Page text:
Sustainability and the future of the planet are at the heart of a variety of ongoing research and development projects taking place in York around environmental real change. These exciting undertakings will hopefully lead to dramatic changes in how we consume the earth’s resources, not just in Yorkshire, but worldwide. Here are some of the amazing things that are happening.
BioYork is a University of York-led initiative that hopes to use research to drive development of the UK bio-based industries. Their focus is on three main global challenges: (1) Heal – using nature’s solutions for healthcare and pharmaceuticals, (2) Feed – improving the productivity, sustainability and nutritional value of crops and food, and (3) Fuel – developing new sources of bio-based fuels and chemicals.
The York City Environment Observatory is a research project monitoring a variety of environmental events and its impact on the population. It will utilise data from the city’s citizens themselves to give researchers a much better understanding of the long term impact of the environment on a population’s health and wellbeing.
FERA Science is based out at Sands Hutton and are leading the way on sustainable food production. They want to ensure that developing agri-food systems can meet the changing needs of a growing population whilst reducing waste, pollution and reliance on non-renewable resources.
It is not only the scientists who are helping to save the world right here from York, but our business communities are also innovating sustainability. The Stockbridge Technology Centre, just south of the city, is leading on LED growing, which is producing better, tastier and faster growing crops. Their LED4CROPS facility was opened by Rt Hon David Willets (the Minister for Universities and Science).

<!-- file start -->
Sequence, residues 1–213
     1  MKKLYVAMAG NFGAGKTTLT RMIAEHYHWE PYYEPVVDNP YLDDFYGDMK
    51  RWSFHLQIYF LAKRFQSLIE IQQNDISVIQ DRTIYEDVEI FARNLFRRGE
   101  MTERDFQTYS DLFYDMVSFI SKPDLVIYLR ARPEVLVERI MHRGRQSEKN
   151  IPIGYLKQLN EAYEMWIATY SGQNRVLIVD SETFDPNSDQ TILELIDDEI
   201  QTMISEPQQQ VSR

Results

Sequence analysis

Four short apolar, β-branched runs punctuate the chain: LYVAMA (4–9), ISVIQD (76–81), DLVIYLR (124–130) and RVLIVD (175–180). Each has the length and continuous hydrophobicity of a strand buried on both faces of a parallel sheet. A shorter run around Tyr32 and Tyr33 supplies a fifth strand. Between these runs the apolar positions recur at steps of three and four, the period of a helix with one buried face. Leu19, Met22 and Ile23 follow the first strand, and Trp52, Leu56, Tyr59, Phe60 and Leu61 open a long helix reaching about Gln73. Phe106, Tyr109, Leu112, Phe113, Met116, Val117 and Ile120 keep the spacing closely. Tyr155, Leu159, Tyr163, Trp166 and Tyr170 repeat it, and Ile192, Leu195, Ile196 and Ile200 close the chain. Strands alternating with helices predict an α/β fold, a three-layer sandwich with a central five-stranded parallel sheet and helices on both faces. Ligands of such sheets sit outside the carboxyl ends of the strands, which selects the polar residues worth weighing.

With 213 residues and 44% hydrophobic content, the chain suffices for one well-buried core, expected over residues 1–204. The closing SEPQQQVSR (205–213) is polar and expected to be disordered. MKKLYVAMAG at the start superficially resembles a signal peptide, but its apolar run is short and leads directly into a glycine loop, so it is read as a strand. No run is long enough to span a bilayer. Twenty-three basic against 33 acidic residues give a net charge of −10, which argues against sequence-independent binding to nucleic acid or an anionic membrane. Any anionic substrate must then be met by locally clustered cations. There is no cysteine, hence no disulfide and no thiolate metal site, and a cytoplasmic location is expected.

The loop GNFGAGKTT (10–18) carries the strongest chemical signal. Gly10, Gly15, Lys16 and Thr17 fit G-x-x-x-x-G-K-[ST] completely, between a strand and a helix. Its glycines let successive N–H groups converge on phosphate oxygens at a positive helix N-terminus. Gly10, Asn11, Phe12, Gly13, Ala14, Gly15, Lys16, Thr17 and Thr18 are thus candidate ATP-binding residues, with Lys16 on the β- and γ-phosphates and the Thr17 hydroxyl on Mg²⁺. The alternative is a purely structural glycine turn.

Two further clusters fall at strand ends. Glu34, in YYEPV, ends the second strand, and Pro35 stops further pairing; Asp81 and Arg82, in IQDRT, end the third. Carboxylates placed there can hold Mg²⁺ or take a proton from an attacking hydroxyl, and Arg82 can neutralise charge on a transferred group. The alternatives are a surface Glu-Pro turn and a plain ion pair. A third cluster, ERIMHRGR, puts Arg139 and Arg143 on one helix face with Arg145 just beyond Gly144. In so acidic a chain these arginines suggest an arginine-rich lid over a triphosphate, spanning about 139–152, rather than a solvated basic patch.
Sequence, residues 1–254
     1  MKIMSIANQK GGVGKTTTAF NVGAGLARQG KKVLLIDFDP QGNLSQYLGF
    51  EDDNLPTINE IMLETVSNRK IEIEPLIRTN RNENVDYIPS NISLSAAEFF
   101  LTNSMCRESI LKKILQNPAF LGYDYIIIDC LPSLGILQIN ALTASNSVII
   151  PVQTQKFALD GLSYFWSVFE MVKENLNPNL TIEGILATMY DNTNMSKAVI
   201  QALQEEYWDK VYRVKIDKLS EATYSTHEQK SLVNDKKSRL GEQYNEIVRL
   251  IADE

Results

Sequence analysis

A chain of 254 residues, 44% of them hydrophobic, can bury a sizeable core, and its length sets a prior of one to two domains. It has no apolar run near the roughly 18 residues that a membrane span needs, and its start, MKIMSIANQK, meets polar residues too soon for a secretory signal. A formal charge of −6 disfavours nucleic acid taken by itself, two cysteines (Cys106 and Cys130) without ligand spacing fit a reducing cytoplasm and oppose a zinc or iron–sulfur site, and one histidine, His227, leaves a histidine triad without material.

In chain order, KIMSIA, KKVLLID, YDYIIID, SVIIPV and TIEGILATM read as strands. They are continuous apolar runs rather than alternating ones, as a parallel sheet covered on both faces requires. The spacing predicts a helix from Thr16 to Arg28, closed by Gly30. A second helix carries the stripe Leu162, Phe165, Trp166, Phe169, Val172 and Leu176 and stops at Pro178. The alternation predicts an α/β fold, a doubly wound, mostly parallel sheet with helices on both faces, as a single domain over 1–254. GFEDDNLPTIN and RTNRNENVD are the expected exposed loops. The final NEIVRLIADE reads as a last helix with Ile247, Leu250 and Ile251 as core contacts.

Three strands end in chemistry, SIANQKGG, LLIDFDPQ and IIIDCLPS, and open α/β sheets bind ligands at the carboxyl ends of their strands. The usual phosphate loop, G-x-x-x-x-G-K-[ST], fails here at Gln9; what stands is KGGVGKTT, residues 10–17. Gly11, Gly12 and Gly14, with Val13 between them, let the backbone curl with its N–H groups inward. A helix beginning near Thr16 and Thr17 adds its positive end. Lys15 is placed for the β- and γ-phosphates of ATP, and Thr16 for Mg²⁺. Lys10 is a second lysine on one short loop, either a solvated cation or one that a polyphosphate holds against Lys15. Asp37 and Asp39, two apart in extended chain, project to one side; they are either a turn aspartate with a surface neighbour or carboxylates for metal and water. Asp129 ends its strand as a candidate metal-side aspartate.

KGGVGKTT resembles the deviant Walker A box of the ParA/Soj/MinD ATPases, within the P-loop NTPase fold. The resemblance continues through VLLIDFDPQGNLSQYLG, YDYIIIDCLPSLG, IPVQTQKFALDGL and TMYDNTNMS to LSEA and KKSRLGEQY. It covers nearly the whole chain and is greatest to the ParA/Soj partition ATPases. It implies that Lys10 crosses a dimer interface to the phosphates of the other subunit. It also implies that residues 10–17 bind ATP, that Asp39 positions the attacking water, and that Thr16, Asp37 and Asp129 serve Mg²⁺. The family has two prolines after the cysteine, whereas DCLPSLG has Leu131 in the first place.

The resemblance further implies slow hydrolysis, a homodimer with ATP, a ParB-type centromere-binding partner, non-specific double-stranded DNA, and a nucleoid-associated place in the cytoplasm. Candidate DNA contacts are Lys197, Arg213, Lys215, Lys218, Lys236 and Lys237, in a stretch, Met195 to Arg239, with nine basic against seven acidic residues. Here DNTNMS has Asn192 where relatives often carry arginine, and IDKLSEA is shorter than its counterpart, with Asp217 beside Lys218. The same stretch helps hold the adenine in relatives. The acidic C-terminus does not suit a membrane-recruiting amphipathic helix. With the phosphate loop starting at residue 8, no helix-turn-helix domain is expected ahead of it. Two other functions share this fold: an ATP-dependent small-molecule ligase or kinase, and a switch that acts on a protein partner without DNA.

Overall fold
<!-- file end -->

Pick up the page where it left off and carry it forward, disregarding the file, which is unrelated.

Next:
GrowStack is a Pocklington-based company that specialises in building vertical farms virtually anywhere. They were responsible for the Growing Underground project, which created a large-scale bespoke vertical farm built into the tunnels under Clapham in London. The crops are now growing successfully and are sold locally at places including M&S, Waitrose and Whole Foods Market.
There are other innovations which are less directly obvious in terms of showing innovation in sustainability, but which are world leading and future proofing our natural resources. This includes the work that York Instruments (a leading MEG scanning company based here) are doing. MEG scanners provide brain imaging for neuroscientists and traditionally require a lot of helium to function, a precious resource which is depleting. York Instruments are currently developing a scanner which does not need to use helium to work.
At a city level, York is serious about sustainability. This is reflected not only in the new Liberal Democrat / Green Party coalition, but can also be seen through various work by the people happening here. The university students in York have produced an online magazine called ‘Wild’ which addresses sustainability and eco-friendliness, created by, contributed to and distributed by the students themselves.
And the One Planet York initiative asks those that pledge to uphold ten simple principles in order to make one truly sustainable city. These ten principles are (1) Zero Carbon, (2) Zero Waste, (3) Sustainable Transport, (4) Sustainable Materials, (5) Local & Sustainable Food, (6) Sustainable Water, (7) Land Use & Wildlife, (8) Culture & Heritage, (9) Equity & Local Economy and (10) Health & Happiness.